Seattle Mariners Trade a Day: Finding Bullpen Help in Florida

SEATTLE, WA - JUNE 21: Roenis Elias of the Seattle Mariners celebrates. (Photo by Lindsey Wasson/Getty Images)
SEATTLE, WA - JUNE 21: Roenis Elias of the Seattle Mariners celebrates. (Photo by Lindsey Wasson/Getty Images) /

The Seattle Mariners biggest weakness on the 2019 big league roster is out in the bullpen. With a revolving door, thanks to injuries and ineffectiveness, very few arms stand out as potential keepers.

Of course, this is to be expected for a rebuilding team. Mariners GM Jerry Dipoto has a knack for finding bullpen talent, so trying to turn Seattle’s pen from bad to good isn’t high on his priority list right now. But if the right arm comes available, it could make sense to try and fill in some weak spots now.

The Mariners have some good young arms in the minor leagues and the odds that they’ll have a talented bullpen when they are ready to compete is pretty good. But while Dipoto will probably shop Roenis Elias hard, guys like Austin Adams, Connor Sadzeck, and Brandon Brennan have all flashed for extended periods of time, so they have some big league arms to build around.

In the minors, they have arms like Wyatt Mills, Gerson Bautista, Art Warren, Joey Gerber, and Sam Delaplane to name a few. The bullpen will also land reinforcements when veterans Sam Tuivailala and Hunter Strickland finally make it back. All of those arms are controllable and bring at least one above-average attribute to the table. But if the price is right, you have to be interested.

One team with a few interesting bullpen pieces is the Miami Marlins. Miami is in the midst of their rebuild and doesn’t have any illusions of competing over the next 3 years. 2 names, in particular, stand out: Nick Anderson and Austin Brice.

Brice is a 27-year-old who had little success in his first 70 games, posting a 5.84 ERA with a mediocre 7.7 K/9 and 2.7 BB/9. In 2019, Brice has been a lot better, posting a 1.88 ERA (but a 3.72 FIP) striking out 38 hitters in 38.1 innings with a 46.2% groundball rate.

Brice has 2 above-average offerings, including a 93-94 MPH sinker and a sharp, biting curveball. The acquiring team will need to do their homework on Brice to determine if this is legitimate, but he won’t be until 2023 but doesn’t have any options remaining.

Nick Anderson’s wart is his age. At 29-years-old, to call Anderson a late bloomer is fair. But so far in 2019, Anderson has posted a 13.85 K/9 with 3.29 BB/9. Anderson’s ERA doesn’t tell the whole story. His 4.46 ERA doesn’t look great, but his 2.99 FIP is great.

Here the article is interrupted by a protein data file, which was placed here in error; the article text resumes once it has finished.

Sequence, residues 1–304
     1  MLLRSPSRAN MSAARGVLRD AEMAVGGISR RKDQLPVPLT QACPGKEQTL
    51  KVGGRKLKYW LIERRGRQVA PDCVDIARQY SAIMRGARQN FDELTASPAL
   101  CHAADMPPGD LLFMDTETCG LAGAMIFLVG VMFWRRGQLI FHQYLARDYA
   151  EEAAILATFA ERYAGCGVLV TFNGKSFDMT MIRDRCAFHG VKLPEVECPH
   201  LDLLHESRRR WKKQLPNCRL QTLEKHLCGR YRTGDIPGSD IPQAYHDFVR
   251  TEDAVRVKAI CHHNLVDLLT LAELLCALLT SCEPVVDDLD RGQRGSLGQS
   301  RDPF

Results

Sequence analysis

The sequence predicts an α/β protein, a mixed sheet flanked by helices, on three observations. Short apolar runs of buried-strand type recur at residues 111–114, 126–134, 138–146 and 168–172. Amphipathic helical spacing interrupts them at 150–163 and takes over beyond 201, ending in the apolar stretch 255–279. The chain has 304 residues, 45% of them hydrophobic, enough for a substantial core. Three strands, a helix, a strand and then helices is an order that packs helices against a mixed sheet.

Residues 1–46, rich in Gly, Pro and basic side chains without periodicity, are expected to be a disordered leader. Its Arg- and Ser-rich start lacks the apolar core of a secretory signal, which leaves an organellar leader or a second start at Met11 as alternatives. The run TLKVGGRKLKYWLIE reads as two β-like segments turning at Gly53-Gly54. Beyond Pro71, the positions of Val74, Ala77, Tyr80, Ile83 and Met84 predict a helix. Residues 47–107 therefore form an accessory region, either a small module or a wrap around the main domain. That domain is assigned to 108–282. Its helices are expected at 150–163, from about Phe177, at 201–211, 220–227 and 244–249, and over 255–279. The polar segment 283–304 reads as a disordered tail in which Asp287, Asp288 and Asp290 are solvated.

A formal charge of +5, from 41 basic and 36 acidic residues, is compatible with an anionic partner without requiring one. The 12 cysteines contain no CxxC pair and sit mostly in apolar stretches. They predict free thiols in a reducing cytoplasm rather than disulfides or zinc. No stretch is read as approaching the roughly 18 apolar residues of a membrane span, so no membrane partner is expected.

As a 29-year-old rookie, Anderson actually has 3 options left and won’t be a free agent until after 2024. While he only has 38.1 innings under his belt, he has been great in them. Anderson will cost the most out of the two.

So both of these arms make sense for Dipoto as he builds his bullpen for 2020 and beyond. But what would they cost? Here is our proposal:

So for a pair of bullpen arms, the Mariners part with 2016 second-round pick Joe Rizzo and talented lottery ticket Juan Querecuto. After struggling in his first 2.5 years of pro ball, Rizzo has really turned it around in 2019 and is showing why he was a second round pick despite his size and lack of defensive prowess.

In the California Leauge, Rizzo is hitting .294/.358/.440 with 9 home runs. He has moved around the infield and second base might be his best fit, although he is getting a serious look at first base.

Juan Querecuto is a raw talent that needs to be refined. He should have no issue sticking at shortstop and should be well above-average up the middle. The questions surrounding Querecuto are with his bat. But he has fast hands and at 6’2″, 170 lbs, he still has room to grow.

Querecuto may remind some Marlins fans of Adeiny Hechavarria when all is said and done. Losing two talented players won’t be easy for the Mariners to swallow. But with Rizzo’s questionable defensive home and Querecuto being at least 3 years away, it makes sense to deal both with their 2021 goal.

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If either Anderson or Brice turnout well for Seattle, the Mariners could have a couple of foundational pieces from which to build their bullpen around.